COVID-19 restrictions caused disruptions in the clinical trials industry bringing many ongoing studies to a halt. Sponsors started looking at ways to restart those halted studies. Home services are playing a bigger role enabling sponsors and clinical sites to reach study participants.
The home health services have been used successfully in telehealth for quite some time now. In COVID-19 like situations when patients cannot travel to clinical sites, one option for sponsors is to reach the patients at their home. The study participants make a visit to the clinical study site mainly for medication, lab work, consultation, and observations. If the sponsors can perform all those functions at the patient’s home, then the affected clinical trials can be restarted. Therefore, there is an increasing demand for such home services.
From a patient’s perspective, home health services would be convenient saving time and money. However, from the sponsor’s perspective, it brings a lot of economic as well as operational overhead and challenges. Sponsors are required to make new arrangements, partnerships, and contracts to cater to home health services to their patients. In a way, it is almost like setting up a new business model. In most of the cases, providing home services in a clinical trial setting may not be a sustainable business model. It would make sense if sponsors use home services to save the paused studies but they need to carefully avoid falling for the sunk cost fallacy trap.
From a sponsor’s perspective, clinical operations continuity is highly critical for financial cash flow reasons. A few paused studies for a couple of months would be enough to throw companies into a cash crunch, especially the ones that have a short pipeline of genuinely promising drugs. During times when every other business is exercising great constraints in cash spending, making investments in a business model that is unsustainable may prove to be a misadventure. The higher rates of unsuccessful clinical trials make decision making for executives more challenging, except for the ones who heavily rely on their gut feelings.
The home services may not be economical for large studies when there are thousands of patients and hundreds of sites spread across different countries and cities. Imagine the logistics required if we have to provide home services to such a large diverse population. Coordinating and monitoring such an initiative requires a lot of expertise and infrastructure. The sponsors would have to equip clinical sites and train the resources to provide the home services. If there are requirements to send the nurse to administer the medicine or collect samples, there would be a need for extra manpower to serve the patients in a timely fashion. For example, if we consider that a nurse can attend 5-7 patient visits in a day then the site with 100 patients would need a minimum of 3-4 dedicated nurses to complete the job in a week’s time. Considering that clinical sites participate in multiple clinical trials, maintaining a desiccated staff for every clinical trial would be impractical. Things can get complex when the patient demands more time from the staff due to their personal problems at home.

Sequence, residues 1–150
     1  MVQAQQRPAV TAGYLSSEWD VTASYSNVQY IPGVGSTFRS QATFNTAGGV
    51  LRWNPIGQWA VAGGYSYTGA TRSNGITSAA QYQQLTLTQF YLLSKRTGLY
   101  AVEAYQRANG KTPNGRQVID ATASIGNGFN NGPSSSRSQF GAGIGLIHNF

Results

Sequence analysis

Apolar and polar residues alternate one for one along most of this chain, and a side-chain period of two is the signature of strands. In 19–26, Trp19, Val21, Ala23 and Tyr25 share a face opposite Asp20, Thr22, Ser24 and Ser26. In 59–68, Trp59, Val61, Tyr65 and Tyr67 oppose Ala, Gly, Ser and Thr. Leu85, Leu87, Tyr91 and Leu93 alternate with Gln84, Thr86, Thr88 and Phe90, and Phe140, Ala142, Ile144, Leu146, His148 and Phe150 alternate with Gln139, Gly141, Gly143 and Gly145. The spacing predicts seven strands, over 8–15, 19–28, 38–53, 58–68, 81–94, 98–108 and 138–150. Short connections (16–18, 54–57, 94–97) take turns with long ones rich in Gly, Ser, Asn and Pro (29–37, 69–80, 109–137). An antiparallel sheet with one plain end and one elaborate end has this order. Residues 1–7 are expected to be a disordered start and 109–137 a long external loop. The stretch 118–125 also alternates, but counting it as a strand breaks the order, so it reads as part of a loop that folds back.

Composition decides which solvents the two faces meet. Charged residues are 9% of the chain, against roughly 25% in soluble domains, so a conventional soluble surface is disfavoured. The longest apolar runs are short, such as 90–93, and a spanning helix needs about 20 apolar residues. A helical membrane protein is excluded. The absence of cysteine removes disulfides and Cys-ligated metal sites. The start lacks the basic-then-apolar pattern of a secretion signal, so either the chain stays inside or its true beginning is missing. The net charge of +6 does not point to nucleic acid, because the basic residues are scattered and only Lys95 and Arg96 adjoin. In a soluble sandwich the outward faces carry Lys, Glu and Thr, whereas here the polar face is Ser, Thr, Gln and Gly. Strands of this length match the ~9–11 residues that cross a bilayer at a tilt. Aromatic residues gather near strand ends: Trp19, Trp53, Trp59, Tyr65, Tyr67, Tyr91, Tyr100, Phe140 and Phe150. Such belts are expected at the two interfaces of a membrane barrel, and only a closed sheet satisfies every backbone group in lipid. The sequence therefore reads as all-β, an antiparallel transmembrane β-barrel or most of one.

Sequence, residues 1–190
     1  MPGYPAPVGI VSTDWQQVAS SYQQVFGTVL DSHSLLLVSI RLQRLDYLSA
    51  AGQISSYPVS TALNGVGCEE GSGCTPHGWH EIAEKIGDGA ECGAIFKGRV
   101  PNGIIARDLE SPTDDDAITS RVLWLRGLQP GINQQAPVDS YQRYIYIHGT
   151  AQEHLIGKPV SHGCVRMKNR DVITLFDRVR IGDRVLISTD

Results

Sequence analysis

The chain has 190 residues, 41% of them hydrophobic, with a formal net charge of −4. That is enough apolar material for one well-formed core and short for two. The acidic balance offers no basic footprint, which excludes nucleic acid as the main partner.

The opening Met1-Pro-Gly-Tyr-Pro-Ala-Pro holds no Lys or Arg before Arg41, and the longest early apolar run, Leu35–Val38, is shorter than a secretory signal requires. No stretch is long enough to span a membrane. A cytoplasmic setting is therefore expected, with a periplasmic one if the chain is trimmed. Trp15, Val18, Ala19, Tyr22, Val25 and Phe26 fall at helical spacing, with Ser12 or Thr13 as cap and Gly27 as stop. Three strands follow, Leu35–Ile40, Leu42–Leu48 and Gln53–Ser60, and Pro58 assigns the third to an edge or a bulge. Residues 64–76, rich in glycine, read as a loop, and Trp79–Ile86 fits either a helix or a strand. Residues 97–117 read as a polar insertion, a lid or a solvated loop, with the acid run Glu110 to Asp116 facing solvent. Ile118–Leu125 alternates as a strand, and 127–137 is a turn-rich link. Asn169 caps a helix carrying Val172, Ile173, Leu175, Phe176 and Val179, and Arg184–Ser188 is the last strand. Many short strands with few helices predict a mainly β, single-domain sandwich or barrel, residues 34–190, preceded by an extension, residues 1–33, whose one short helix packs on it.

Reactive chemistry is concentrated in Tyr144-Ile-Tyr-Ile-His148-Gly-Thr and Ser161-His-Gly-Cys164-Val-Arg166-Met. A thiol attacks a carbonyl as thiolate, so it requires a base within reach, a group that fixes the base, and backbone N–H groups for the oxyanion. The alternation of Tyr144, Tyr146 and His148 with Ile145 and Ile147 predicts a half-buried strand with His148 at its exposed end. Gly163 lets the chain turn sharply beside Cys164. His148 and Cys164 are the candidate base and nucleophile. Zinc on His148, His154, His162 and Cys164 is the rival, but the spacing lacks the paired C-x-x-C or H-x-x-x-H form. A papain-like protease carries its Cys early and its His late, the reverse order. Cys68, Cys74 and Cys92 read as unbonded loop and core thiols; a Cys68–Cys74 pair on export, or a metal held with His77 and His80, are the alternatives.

To minimize the operational costs, it makes sense for sponsors to contract with pharmacies and home health services who can provide such services on a per-visit basis. A dedicated central call center can coordinate the requests, and also help resolve queries from patients. However, such an arrangement will potentially take away much of the responsibilities from clinical sites and put it in the hands of sponsors.
Dealing with home service providers will have their own challenges. Pharmacies and laboratories mostly provide services to healthcare patients. In many cases, the healthcare home visit is covered by medical insurance and hence the services are costly. The staff is also trained for healthcare needs, and have their own priorities. Striking a win-win and cost-effective contract with healthcare home services may not be that easy. There would be a greater need to train the staff from a clinical trial perspective.
Companies providing home visit services specialized for clinical trials can fill that gap helping sponsors provide customized and reliable home services in a cost-effective way. Such survival provides can work with clinical sites on a need basis. The biggest advantage of this is that sponsors do not need to make an investment in setting up the entire supply chain. Also, sponsors get more flexibility and freedom to strike contracts with smaller specialized companies. Since the services providers are specialized, the training requirements would be low. Flexibility allows starting the study quickly.
Simply waiting for the COVID-19 to improve to resume the clinical trials may not be an option for the sponsors. Depending upon what strategy they choose, the clinical trials industry will transform itself making many existing processes and practices obsolete. Also, it will generate a demand for new business opportunities. It would be interesting to see how much of the impact on the clinical trials industry will remain permanent after the COVID-19 situation improves.
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